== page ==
Thesis - Open Access
Master of Science (MS)
Department / School
Chemistry and Biochemistry
Non-Particulate with no understanding, Particulate and Some Misconception, Chemical Education, Instrumentation, Particulate and Sound Understanding, Particulate Nature of Matter
The main objective of this research was to explore the understanding and conceptions of Particulate Nature of Matter (PNM) with Chem 115 L students as the participants. Conceptions were defined specifically as beliefs and alternative beliefs about topics. The research also assessed the impact of analytical instrumentation in the chemistry laboratory on learning chemistry concepts. Eight questions (8) with multiple choice answers were administered to 10 students at the beginning and after the Fall 2018 semester via selective/purposeful sampling. Data were collected using surveys (pre- and post-surveys) and interviews (pre- and postinterviews), then analyzed quantitatively and qualitatively. The eight questions on the surveys also requested that students provide reasons for their choice of answers. Using the answers selected and the reasons given in pre- and post-surveys, the researcher categorized students as having Particulate and Sound Understanding (PSU), Particulate and Some Misconception (PSM), and Non-Particulate with no understanding (NPU) conceptions at these corresponding times. From the surveys (pre- and post-), we found out that the overall % of all students in the NPU category reduced from 60 in the pre-survey to 25 in the post-survey. Similarly, the PSM category also reduced from 310% in the pre-survey to 250% in the post survey. However, the PSU increased from430% to 525%. The increase in PSU with corresponding significant reduction in PSU and PSM indicates a positive impact on student learning, since the results suggest an improvement in the understanding of PNM. This could indicate that research instrumentation had an impact, but alone this data does not provide full evidence of this statement. The interview data was used to provide additional support. Interview records were transcribed, then analyzed and assessed for reliability using intercoder-reliability verification for consistency. The transcribed interview data was subjected to intercoder reliability and the reliability index was 0.79. When the students were asked if the instrumentation had an impact on their learning, their responses strongly suggested a positive impression and impact of instrumentation learning and understanding PNM.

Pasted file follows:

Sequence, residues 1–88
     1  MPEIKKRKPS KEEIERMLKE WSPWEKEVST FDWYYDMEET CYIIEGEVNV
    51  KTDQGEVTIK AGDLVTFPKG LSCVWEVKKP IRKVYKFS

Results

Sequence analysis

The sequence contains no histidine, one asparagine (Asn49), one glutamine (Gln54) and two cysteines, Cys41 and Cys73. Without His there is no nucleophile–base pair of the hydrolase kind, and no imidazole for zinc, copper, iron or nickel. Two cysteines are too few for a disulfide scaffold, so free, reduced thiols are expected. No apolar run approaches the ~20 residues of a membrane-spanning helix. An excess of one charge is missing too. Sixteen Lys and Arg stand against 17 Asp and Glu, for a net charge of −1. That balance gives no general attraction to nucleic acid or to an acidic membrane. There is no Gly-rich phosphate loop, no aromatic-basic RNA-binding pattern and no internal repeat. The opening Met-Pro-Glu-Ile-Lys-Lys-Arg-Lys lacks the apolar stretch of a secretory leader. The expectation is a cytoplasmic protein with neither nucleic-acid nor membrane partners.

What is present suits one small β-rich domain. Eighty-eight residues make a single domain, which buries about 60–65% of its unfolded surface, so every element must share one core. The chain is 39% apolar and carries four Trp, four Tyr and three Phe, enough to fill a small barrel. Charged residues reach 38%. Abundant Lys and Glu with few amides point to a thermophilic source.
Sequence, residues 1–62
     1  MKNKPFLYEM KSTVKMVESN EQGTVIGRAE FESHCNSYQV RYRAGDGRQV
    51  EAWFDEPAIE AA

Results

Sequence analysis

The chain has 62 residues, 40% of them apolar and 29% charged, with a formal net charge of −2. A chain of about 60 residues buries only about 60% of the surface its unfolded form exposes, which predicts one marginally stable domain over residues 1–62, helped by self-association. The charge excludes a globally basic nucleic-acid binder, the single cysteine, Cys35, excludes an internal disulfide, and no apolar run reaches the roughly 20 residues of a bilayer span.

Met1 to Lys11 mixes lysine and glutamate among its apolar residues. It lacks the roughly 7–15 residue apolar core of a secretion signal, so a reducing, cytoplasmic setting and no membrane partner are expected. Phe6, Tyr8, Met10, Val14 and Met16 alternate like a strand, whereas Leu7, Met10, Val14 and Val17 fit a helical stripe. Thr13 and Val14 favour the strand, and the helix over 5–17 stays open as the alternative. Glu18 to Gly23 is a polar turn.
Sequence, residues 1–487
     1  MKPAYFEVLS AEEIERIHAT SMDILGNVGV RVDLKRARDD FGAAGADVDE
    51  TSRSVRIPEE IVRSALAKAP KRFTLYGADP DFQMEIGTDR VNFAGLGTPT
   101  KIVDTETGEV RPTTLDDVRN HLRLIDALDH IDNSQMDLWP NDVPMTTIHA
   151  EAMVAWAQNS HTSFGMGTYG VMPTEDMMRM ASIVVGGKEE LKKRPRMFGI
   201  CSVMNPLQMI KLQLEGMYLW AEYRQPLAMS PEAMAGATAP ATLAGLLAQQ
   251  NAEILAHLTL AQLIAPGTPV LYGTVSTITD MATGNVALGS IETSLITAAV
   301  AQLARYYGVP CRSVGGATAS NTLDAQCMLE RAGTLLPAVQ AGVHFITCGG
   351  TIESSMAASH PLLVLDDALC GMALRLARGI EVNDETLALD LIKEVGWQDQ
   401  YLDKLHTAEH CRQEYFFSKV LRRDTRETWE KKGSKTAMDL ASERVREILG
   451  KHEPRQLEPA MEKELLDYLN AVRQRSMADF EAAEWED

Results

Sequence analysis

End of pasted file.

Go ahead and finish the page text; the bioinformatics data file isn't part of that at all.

Library of Congress Subject Headings
Chemistry -- Study and teaching.
College students -- Attitudes.
Number of Pages
South Dakota State University
Klutse, Bridget, "College Students Conceptions of Particulate Nature of Matter and the Impact on Research Instrumentation" (2021). Electronic Theses and Dissertations. 5254.